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Even though the reef tank "ark" concept isn't generally viable there are real conservation benefits to the hobby

- Reefers get to witness behaviours, experiment and observe in a closed environment. These types of observations are difficult in the wild and have led to important discoveries.

- Public and private aquariums have an enormous educative impact and generate advocacy for the worlds oceans.

- Simple economics. The aquarium trade is such that there is an economic imperative to maintain and rehabilitate wild habitats.
This is a great point and probably the best explanation of how aquarists can help towards conservation by way of education.


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Old 01/04/2018, 09:39 PM   #19
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This is a great point and probably the best explanation of how aquarists can help towards conservation by way of education.
I probably should have prefaced the third point by saying that the aquarium trade is only an economic driver of conservation if we source and buy ethically.


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Old 01/05/2018, 09:29 AM   #20
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I probably should have prefaced the third point by saying that the aquarium trade is only an economic driver of conservation if we source and buy ethically.
That was assumed on my end but good point.


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Old 01/06/2018, 09:46 PM   #21
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Mote Marine Laboratories is sexually reproducing corals and repopulating reefs in Florida. Dr. Chris Page gave a presentation to the local reef club in 2016 and one of the problems they have is getting enough permits to transplant all the juvenile colonies they produce. As far as our systems being "Arks" for corals while we are able to keep them for long periods of time there is a potential issue with senesence. A recent request by UT for A. milli frags for genomics research found one of the local aquarists frag did not produce any viable DNA even though it and the mother colony "looked" to be very healthy.


Do you have a link to this?
If an animal did not produce viable DNA, it must be dead already.


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Old 01/08/2018, 06:35 AM   #22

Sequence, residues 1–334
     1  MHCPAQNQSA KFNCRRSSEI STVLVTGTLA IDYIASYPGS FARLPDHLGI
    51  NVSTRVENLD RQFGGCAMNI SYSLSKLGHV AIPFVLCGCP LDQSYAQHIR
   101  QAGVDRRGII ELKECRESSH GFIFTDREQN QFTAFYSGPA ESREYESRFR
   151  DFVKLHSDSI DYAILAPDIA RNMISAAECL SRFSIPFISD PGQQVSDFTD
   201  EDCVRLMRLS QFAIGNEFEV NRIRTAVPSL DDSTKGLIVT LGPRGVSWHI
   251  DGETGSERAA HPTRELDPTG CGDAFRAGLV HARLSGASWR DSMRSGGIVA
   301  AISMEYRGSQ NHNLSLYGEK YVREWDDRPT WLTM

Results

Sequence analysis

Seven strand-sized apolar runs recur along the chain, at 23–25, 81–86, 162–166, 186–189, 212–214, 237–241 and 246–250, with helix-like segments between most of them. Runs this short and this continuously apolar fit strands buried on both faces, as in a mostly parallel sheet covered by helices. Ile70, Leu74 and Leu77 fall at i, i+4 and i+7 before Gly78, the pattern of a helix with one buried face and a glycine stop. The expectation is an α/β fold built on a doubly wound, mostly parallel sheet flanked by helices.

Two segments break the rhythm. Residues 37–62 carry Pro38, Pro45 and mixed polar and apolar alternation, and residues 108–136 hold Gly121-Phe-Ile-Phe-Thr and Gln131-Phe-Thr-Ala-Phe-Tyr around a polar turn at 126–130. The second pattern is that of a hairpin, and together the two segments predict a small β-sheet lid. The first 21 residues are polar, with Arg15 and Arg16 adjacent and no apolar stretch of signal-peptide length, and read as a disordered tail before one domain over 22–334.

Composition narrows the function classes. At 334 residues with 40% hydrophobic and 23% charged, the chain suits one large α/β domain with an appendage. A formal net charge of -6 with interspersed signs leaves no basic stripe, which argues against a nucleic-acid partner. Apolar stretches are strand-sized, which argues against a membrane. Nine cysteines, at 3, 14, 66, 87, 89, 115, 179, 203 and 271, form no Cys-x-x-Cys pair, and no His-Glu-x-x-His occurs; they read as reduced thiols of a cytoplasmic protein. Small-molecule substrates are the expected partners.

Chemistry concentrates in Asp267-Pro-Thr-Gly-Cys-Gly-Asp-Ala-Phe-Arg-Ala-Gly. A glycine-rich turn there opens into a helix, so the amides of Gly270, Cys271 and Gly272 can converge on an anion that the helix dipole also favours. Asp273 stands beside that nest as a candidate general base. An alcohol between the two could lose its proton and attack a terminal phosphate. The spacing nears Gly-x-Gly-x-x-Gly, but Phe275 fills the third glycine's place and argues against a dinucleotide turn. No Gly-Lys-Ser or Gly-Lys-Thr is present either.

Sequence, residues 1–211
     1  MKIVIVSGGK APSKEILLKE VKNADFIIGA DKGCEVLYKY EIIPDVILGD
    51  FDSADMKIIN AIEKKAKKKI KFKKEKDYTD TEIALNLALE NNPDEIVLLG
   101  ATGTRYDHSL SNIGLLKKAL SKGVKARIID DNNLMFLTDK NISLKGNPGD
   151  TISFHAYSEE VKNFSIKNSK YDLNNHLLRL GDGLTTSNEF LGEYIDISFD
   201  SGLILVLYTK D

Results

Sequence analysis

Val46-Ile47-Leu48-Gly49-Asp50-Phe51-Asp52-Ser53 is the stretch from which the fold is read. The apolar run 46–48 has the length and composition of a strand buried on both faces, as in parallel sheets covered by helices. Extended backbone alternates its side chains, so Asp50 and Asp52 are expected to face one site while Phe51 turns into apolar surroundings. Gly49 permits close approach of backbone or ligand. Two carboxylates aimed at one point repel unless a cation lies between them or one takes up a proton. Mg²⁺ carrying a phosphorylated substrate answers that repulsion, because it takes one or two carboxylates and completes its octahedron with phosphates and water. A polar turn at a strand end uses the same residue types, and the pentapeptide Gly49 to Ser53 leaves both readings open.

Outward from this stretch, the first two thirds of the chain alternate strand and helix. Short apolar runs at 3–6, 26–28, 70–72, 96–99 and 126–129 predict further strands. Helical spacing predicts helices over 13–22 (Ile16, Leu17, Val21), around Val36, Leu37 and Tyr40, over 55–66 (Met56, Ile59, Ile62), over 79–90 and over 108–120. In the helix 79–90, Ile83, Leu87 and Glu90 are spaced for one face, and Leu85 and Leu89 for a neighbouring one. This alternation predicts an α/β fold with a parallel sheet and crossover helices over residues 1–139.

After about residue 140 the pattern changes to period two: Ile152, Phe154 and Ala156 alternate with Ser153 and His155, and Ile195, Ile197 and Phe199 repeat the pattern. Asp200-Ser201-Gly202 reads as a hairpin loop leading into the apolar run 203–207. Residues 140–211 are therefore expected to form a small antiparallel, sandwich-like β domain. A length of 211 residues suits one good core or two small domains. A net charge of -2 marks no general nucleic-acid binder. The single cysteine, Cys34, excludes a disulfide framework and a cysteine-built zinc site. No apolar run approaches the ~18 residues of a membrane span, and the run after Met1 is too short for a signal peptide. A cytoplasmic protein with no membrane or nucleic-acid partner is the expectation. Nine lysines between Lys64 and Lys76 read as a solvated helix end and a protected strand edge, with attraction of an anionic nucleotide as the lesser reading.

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Do you have a link to this?
If an animal did not produce viable DNA, it must be dead already.


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My guess is this was referring to viable gamete production.


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Old 01/10/2018, 01:02 PM   #23
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Home aquaria a refuge, no. Probably not in the long term or big picture. On the other hand I think aquariums like the one on Monterey, Atlanta, or say Churaumi in Okinawa Japan could be. I'm sure there are others but these are a couple examples anyway.

I'll say this though - this is a hobby that can be self sustaining by sharing of coral frags, anemones that split, captive breeding of fish, among other things. Rock and sand can, and are, being aquaculture that help the hobbyist and environment by the reefs they form. While collectors of rare fish, and even us that collect fish that can't be captive bred, would throw a fit we can at least do our part with the rest and lower the burden.

Just the way I see it anyway.


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Old 01/10/2018, 04:16 PM   #24
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Home aquaria a refuge, no. Probably not in the long term or big picture. On the other hand I think aquariums like the one on Monterey, Atlanta, or say Churaumi in Okinawa Japan could be. I'm sure there are others but these are a couple examples anyway.

I'll say this though - this is a hobby that can be self sustaining by sharing of coral frags, anemones that split, captive breeding of fish, among other things. Rock and sand can, and are, being aquaculture that help the hobbyist and environment by the reefs they form. While collectors of rare fish, and even us that collect fish that can't be captive bred, would throw a fit we can at least do our part with the rest and lower the burden.

Just the way I see it anyway.
It wont work even for the large aquariums with science programs. Gene pool of animals in captivity are always severely reduced. For example there are more tigers in captivity (just 5000 in US) than there are in wild (3200), but almost all captive tigers (let this bee zoos, reserves or Private ownership) are decedents of 100-200 individuals. So there is extensive inbreeding. If wild population goes extinct, captive species could not be used to reintroduction to wild to to severely eroded gene pool of the captive population.


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Old 01/10/2018, 05:44 PM   #25
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@Tripod1404 - yes, agreed. Reintroduction never actually crossed my mind. I was thinking more of keeping around until end of life. I know inbreeding is causing a major issue with certain dog breeds and I thought I also read somewhere with certain types of fish (clowns maybe?). All good points never the less.

Also didn't know that tidbit about tigers.